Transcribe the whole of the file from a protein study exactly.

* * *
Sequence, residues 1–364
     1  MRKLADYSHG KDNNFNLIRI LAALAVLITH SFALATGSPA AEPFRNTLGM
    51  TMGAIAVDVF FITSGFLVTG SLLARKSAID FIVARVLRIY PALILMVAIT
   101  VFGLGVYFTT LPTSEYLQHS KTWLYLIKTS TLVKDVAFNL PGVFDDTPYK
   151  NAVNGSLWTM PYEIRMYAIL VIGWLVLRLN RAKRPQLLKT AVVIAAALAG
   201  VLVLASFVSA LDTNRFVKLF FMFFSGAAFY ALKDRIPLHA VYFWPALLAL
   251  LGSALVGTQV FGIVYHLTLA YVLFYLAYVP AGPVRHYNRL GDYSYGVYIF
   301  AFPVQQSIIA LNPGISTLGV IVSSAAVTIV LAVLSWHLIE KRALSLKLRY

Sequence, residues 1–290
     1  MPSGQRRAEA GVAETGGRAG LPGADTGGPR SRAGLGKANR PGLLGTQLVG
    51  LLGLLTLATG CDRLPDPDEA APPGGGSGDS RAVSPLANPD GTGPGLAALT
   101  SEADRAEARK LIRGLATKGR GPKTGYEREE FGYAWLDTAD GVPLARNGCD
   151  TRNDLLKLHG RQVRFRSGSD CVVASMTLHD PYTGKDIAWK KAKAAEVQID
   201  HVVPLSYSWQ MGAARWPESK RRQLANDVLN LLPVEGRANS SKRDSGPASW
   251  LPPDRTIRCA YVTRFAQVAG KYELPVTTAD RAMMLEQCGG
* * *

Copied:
Sequence, residues 1–364
     1  MRKLADYSHG KDNNFNLIRI LAALAVLITH SFALATGSPA AEPFRNTLGM
    51  TMGAIAVDVF FITSGFLVTG SLLARKSAID FIVARVLRIY PALILMVAIT
   101  VFGLGVYFTT LPTSEYLQHS KTWLYLIKTS TLVKDVAFNL PGVFDDTPYK
   151  NAVNGSLWTM PYEIRMYAIL VIGWLVLRLN RAKRPQLLKT AVVIAAALAG
   201  VLVLASFVSA LDTNRFVKLF FMFFSGAAFY ALKDRIPLHA VYFWPALLAL
   251  LGSALVGTQV FGIVYHLTLA YVLFYLAYVP AGPVRHYNRL GDYSYGVYIF
   301  AFPVQQSIIA LNPGISTLGV IVSSAAVTIV LAVLSWHLIE KRALSLKLRY

Sequence, residues 1–290
     1  MPSGQRRAEA GVAETGGRAG LPGADTGGPR SRAGLGKANR PGLLGTQLVG
    51  LLGLLTLATG CDRLPDPDEA APPGGGSGDS RAVSPLANPD GTGPGLAALT
   101  SEADRAEARK LIRGLATKGR GPKTGYEREE FGYAWLDTAD GVPLARNGCD
   151  TRNDLLKLHG RQVRFRSGSD CVVASMTLHD PYTGKDIAWK KAKAAEVQID
   201  HVVPLSYSWQ MGAARWPESK RRQLANDVLN LLPVEGRANS SKRDSGPASW
   251  LPPDRTIRCA YVTRFAQVAG KYELPVTTAD RAMMLEQCGG